1) Speed boosting. It is the only Mesmer run-buff (apart from the randomly dispensed effects), and when allies run through it, they get Swiftness; +33% speed for 10s. Handy all round, but even better, enemies running through it are Crippled; -50% speed for 5s. This naturally lends itself to escaping pursuit, particularly as it can be cast on the run, although dropping the template in the right spot can take a little practice. It’s also useful for just getting about a little quicker, although the cooldown means it can’t be kept going continuously. I use mine to hurry Dolyaks along in WvWvW!
2) Yanking. Using the flip-skill, Into the Void, it becomes one of the few rare skills that can Pull. Used correctly, the Mesmer can collapse the Curtain, sucking nearby enemies towards and through it with some force. This takes quite a bit of practice to get right, particularly as the Curtain only lasts 5s, but can be hysterical fun, especially during WvWvW keep assaults. Place the curtain on the outer facing side of the wall, near the very top, just beneath where Smuggy McSmuggington, Ranger-Sniper Extraordinaire, is hamfistedly beating the Barrage button over and over while hooting lots (I hear Rangers only get one skill?) and then hit the flip-skill. Quirky battlements allowing, Smuggy (and if you’re lucky, several of his mates) will suddenly come sailing over the top of the wall, to land unexpectedly in the middle of your own team’s angry frontline. This will almost always be followed by a highly panicked limp toward their glowey keep entrance rectangle, which they won’t very often make. For best results, try to anticipate the direction of pull and aim them away from their keep door. Petty, but fun, although do watch out; to pull this off well, you’ll need to get fairly close to the wall base yourself to plant the Curtain – have it queued up as you make your run and get the hell out before detonating it to minimise exposure. For extra lolz, have a Mesmer buddy with Illusionary Wave waiting at the base of the wall to bat the freshly pitched Ranger out of the park! The yank is less spectacular used against PvE monsters, as they are immune to being knocked off things (It won’t pull Veteran Archers from WvWvW keep walls, merely knock them down), and also the collapse pulls monsters from both sides of the Curtain through it, often leaving you with just different monsters on your side of the Curtain. Too unpredictable for general-purpose positional crowd control – use Greatsword Illusionary Wave instead. Note that the pull is toward the centre point of the Curtain, not in a direction perpendicular to the Curtain, as you might think.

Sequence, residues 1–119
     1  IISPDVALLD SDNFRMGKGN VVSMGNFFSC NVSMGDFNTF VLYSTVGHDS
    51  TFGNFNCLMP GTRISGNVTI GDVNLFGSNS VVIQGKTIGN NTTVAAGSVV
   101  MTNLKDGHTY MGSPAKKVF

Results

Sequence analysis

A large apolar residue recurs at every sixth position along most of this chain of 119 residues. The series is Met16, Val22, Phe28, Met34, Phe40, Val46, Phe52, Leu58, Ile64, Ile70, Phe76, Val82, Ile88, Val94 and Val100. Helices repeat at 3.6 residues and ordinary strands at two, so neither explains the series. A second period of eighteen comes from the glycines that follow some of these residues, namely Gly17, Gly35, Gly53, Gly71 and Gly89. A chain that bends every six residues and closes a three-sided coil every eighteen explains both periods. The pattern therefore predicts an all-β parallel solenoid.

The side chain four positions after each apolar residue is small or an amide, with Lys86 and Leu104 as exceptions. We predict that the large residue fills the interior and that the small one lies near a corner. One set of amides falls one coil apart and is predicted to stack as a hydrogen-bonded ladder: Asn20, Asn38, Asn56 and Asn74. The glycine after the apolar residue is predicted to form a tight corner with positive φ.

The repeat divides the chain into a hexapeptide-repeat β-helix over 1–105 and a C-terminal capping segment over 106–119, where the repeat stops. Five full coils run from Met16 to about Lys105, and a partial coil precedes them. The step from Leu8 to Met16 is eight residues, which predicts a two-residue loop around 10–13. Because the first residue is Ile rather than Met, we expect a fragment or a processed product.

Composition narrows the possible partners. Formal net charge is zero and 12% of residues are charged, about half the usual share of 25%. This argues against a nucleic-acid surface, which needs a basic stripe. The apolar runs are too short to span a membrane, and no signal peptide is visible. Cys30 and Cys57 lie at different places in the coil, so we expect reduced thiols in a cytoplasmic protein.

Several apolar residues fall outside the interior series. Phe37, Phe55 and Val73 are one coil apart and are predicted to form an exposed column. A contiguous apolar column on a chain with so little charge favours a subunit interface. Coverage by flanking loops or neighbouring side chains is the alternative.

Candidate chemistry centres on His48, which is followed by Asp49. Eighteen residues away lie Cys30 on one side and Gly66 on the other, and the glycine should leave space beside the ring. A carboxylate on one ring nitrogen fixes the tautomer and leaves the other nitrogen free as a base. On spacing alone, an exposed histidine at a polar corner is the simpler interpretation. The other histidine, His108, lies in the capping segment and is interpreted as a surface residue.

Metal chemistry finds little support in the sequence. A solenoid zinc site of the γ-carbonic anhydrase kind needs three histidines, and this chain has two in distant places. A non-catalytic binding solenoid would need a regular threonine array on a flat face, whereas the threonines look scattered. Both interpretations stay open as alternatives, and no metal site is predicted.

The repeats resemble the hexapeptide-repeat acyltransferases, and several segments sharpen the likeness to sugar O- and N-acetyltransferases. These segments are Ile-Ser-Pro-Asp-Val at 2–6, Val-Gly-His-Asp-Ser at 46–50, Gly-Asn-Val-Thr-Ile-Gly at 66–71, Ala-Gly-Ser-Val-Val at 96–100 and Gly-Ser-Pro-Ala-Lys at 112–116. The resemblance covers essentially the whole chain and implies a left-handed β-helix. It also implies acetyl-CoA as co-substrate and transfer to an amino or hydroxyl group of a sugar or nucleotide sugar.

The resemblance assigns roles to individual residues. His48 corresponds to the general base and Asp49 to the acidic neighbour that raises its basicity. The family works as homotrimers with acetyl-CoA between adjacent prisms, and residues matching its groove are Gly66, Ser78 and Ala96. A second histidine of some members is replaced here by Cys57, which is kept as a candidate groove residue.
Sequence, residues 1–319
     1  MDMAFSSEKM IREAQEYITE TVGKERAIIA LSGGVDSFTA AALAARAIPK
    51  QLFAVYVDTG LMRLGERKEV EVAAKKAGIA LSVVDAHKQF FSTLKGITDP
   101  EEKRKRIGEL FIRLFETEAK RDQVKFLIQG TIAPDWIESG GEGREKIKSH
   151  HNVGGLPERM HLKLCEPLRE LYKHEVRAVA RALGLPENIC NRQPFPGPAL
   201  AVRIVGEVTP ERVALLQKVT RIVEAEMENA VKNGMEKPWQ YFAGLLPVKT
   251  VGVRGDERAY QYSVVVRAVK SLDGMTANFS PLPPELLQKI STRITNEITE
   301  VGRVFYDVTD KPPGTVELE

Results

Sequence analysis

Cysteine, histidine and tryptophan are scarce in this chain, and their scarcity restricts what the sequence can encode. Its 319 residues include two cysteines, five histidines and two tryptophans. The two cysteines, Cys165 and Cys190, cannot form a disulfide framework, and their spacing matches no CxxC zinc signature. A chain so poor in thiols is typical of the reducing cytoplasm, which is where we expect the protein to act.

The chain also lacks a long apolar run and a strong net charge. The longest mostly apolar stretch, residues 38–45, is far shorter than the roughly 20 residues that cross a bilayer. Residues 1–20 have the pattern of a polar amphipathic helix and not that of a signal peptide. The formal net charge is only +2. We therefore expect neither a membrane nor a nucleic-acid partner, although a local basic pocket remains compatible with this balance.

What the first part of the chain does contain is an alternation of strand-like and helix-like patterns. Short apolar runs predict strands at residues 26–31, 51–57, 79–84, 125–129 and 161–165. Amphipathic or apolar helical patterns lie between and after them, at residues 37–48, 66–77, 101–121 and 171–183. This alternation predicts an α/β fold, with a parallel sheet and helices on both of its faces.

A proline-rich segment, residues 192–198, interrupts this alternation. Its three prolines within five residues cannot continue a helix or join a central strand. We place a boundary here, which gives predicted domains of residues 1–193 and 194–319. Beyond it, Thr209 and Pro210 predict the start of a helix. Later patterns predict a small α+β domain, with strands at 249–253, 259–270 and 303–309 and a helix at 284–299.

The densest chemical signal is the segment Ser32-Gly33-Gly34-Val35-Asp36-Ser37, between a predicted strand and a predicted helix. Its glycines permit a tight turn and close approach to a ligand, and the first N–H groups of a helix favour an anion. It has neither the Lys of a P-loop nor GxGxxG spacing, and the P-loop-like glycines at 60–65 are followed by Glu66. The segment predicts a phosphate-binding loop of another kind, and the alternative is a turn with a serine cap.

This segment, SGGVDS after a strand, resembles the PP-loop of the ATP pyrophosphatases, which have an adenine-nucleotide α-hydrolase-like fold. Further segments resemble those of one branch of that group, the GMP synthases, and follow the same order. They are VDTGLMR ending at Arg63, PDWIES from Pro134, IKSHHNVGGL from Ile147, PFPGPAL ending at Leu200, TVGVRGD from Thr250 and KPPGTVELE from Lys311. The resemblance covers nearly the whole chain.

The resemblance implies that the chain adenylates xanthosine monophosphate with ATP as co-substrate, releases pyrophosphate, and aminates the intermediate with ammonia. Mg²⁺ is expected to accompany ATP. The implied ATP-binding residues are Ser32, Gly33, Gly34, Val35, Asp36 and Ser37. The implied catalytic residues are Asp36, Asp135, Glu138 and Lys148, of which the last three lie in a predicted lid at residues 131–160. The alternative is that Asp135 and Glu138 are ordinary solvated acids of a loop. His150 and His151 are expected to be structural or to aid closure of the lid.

After that, #5 is a bit of a letdown for me, although many Mesmers do swear by it. Phantasmal Warden creates a Phantasm which does a lot of whirling with axes and makes a projectile absorbing bubble. The problem is that the bubble is centred on the Phantasm and not you or your allies, and the Phantasm seems to have a habit of appearing in less than useful positions and then just standing there. To be protected by it, this means that either you or the thing shooting you need to be inside the iWarden’s bubble. The above #4 yanking can help with this, or you can just leg it to the right spot. To be really useful, it needs traiting; Phantasmal Haste to reduce its ability cooldown and Warden’s Feedback to make the whirl bubble reflect projectiles instead of absorb them. Very tricky to use well, I tend to go with Feedback and Phantasmal Defender from Utility instead, but it is capable of massive damage and trivialising a lot of fights via immunity to projectiles.
The Sceptre is a good choice for defensive work, and also for flexible ranged utility. The Focus is a good workhorse in the utility category, and together the pair offers a lot of options for interference and manipulation, more subtle than the big brash two-hander options. In particular, I’ve found the Focus Temporal Curtain to be an indispensable secondary offhand skill that I’m rarely without.
More to come; Pistol and Torch!